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Title: The students’ perceived use, ease of use and enjoyment of educational games at home and at school
Authors: Camilleri, Adriana Caterina
Camilleri, Mark Anthony
Keywords: Mobile games
Educational games
Technology and civilization
Education -- Effect of technological innovations on
Issue Date: 2019-03
Publisher: International Academy of Technology, Education and Development
Citation: Camilleri, A. C., & Camilleri, M. A. (2019). The students’ perceived use, ease of use and enjoyment of educational games at home and at school. 13th Annual International Technology, Education and Development Conference. Valencia, Spain (March, 2019). International Academy of Technology, Education and Development (IATED).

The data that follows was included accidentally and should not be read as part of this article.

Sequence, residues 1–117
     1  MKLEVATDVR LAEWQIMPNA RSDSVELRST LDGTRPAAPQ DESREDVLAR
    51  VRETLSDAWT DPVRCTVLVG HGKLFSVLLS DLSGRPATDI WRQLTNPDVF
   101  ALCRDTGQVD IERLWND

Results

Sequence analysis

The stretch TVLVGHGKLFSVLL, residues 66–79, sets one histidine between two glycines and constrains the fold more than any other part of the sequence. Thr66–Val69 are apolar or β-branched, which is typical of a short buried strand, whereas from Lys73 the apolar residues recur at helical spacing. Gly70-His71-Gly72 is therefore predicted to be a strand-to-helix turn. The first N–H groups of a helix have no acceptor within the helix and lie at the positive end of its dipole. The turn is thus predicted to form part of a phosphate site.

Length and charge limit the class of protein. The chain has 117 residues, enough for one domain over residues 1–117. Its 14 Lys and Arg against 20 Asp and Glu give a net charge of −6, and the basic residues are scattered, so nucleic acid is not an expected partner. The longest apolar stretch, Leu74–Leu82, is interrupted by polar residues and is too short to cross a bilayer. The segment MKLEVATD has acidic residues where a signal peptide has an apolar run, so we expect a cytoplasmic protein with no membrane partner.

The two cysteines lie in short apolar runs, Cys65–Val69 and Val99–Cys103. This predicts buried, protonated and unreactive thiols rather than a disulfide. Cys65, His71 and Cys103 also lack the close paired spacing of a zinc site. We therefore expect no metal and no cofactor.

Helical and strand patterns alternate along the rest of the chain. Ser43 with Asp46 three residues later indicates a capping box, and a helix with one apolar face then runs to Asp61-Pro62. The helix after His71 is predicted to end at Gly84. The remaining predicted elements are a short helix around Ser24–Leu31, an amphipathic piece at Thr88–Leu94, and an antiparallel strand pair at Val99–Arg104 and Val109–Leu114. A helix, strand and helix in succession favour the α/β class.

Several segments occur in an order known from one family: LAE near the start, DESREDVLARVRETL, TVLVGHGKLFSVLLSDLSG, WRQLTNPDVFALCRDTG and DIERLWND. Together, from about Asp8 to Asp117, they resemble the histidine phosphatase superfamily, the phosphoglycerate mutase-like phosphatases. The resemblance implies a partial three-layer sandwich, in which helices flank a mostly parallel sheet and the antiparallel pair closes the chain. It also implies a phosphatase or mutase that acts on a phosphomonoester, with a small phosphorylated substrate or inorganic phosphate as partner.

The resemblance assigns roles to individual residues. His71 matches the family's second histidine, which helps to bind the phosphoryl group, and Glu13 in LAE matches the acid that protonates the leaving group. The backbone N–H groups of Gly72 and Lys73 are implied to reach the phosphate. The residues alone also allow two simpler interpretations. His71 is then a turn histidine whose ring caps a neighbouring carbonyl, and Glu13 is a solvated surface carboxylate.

Abstract: Relevant literature suggests that today’s children possess digital skills and competences that set them apart from the previous generations. This may be due to their continuous exposure to ubiquitous media and digital games. Therefore, this research uses valid measures from the Technology Acceptance Model (TAM), Theory of Planned Behavior, and from the Unified Theory of Acceptance and Use of Technology (UTAUT) to investigate the primary school students’ attitudes and normative pressures toward playing educational games, at home and at school. The study was carried out amongst year-3 students in a small European state. The findings reported that there were strong correlations between the students’ attitudes and their intention to play the school's games. The respondents indicated that they considered the educational games as useful and relevant for their learning. However, the results have shown that there was no significant relationship between the perceived ease of gameplay and the children’s enjoyment in engaging with the school’s digital games. These findings are consistent with the extant academic literature on the digital natives. To the best of our knowledge, there is no other study in academia that has explored the technology acceptance of digital games in primary education. Therefore, this contribution opens future research avenues as this study can be replicated in other contexts.
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